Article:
By Joe Holden

PHILADELPHIA (CBS) — After less than two years on the job, Philadelphia’s managing director is calling it quits. As the No. 2 official in the city, Brian Abernathy has faced sharp criticism this year.

Now, he’s talking one-on-one with Eyewitness News reporter Joe Holden.

Abernathy, the mayor’s right-hand man says he’s out. The managing director tendered his resignation Tuesday, effective Sept. 4.

He says it was a decision reached jointly with Mayor Jim Kenney.

“It started out as a conversation about challenges, these are hard jobs. We ended up with me leaving,” Abernathy said.

Welling up with tears, Abernathy got personal about the killing of a child and an image he says was seared in his mind.

“I’ll never forget looking up at her neighbor, who was a little girl about my daughter’s age, with her head on her hands, her chin on her hands, just looking out the window, watching all the activity. And all I can think about is how we have failed that little girl,” Abernathy said.

Abernathy says he’ll now be able to spend more time with his wife and two daughters.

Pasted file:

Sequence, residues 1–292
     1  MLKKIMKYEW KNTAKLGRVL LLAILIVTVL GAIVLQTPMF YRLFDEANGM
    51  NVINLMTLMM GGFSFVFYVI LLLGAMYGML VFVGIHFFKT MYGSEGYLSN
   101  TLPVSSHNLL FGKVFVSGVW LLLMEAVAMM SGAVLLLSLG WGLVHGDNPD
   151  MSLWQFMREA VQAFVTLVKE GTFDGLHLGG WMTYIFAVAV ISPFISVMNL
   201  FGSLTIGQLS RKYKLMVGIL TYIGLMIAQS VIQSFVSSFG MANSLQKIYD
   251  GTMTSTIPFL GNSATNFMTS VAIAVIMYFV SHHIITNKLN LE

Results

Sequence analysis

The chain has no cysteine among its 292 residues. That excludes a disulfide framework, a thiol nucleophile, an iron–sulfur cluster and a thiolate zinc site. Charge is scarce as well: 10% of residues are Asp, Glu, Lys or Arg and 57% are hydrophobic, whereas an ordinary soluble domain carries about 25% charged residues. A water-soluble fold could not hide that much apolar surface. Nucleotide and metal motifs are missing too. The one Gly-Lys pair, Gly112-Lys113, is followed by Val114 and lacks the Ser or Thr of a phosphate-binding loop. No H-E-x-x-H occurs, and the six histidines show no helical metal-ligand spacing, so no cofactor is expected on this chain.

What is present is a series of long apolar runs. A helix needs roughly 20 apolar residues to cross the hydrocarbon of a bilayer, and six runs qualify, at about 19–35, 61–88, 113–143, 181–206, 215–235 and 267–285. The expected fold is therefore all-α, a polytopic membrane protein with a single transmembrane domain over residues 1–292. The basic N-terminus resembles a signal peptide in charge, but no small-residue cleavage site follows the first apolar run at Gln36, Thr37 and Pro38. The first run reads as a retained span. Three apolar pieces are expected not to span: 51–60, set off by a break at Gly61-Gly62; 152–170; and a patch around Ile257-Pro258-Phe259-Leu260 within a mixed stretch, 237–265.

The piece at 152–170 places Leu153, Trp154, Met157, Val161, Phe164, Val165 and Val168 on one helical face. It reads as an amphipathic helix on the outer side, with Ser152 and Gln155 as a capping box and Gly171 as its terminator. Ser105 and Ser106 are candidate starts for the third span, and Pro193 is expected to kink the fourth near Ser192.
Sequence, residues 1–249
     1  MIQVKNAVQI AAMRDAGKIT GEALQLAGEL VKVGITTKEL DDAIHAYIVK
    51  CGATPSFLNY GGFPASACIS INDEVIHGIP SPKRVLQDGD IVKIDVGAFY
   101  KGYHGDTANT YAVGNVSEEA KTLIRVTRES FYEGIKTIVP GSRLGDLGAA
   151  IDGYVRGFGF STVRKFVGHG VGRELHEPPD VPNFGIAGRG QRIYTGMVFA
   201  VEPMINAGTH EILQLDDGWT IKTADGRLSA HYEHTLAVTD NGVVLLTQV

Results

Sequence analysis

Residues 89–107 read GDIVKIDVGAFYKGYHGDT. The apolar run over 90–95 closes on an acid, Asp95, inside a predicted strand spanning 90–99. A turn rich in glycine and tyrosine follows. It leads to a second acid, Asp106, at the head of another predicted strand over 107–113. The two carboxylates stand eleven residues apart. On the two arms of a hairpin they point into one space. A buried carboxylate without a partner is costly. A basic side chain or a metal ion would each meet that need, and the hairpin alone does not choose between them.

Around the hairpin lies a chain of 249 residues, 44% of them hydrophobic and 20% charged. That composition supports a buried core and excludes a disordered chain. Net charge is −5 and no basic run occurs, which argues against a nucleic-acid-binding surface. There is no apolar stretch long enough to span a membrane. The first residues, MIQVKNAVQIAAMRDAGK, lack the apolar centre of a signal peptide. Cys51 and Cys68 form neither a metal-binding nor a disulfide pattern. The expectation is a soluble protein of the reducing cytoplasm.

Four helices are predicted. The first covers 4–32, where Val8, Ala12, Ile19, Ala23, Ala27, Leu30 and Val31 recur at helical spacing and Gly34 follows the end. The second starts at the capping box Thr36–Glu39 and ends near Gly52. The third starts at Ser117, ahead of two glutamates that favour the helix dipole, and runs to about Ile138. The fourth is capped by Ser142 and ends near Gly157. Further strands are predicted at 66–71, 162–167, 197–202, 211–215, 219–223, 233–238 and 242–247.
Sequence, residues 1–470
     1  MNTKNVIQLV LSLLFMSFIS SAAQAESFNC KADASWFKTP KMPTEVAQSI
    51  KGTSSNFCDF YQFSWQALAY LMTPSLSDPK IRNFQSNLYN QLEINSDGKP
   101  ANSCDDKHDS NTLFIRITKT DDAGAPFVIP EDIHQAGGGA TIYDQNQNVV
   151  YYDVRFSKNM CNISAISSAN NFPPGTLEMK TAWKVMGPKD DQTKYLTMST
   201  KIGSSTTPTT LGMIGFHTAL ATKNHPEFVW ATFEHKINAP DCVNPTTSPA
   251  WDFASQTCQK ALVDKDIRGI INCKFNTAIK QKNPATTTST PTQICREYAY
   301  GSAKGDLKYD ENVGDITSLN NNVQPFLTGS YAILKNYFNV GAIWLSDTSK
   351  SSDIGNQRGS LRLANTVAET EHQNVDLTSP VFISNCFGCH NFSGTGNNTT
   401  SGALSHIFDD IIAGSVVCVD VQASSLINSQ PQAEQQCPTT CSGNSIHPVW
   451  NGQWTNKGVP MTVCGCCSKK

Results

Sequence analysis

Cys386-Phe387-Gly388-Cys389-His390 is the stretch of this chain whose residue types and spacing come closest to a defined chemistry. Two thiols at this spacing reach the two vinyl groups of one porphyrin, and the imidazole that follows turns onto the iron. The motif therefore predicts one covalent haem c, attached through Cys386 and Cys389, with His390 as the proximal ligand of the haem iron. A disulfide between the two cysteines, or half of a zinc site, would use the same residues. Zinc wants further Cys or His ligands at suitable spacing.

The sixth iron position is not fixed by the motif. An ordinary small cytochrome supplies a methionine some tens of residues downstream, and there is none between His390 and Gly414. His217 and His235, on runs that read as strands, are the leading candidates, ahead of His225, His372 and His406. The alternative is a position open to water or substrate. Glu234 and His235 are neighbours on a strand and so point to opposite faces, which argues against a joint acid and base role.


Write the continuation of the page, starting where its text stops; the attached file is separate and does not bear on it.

His two-year tenure has been punctuated by tough times — a refinery explosion, police officers shot, a pandemic and protests. Abernathy says while it comes with the territory, it also hasn’t been easy.

Working, he says, for three months straight, Abernathy has weathered sharp criticism, even blame for reduced police resources during protests on the weekend of May 30 and 31. Police commanders have argued that allowed civil unrest to explode.

CBS3 earlier this month first reported there was never any pressure exerted from City Hall to dilute police staffing that weekend.

“I have overseen the police department now for five-and-a-half years and I think any commander there will tell you I have never intervened in how they do their work because I’m not a law enforcement official,” Abernathy said.

Abernathy has been arguably the most visible member of the Kenney Administration. The mayor granted Abernathy wide latitude to run the day-to-day operations. At times, critics have said he was granted too much power.

“I led the best way I know how and certainly the mayor’s style is to allow me to run the operations and I’ve always appreciated that. But ultimately, by allowing me to do that, those are the mayor’s decisions as well,” Abernathy said.

As for future work, it’s a big question mark.

Abernathy says there have been good days in the office he runs up on the 14th floor, but the bad days have been many.

“This work is hard and we don’t do it because it’s fun — this isn’t a fun job, we don’t get paid all that much money, you get beat up a lot. We do it because it’s a calling,” Abernathy said.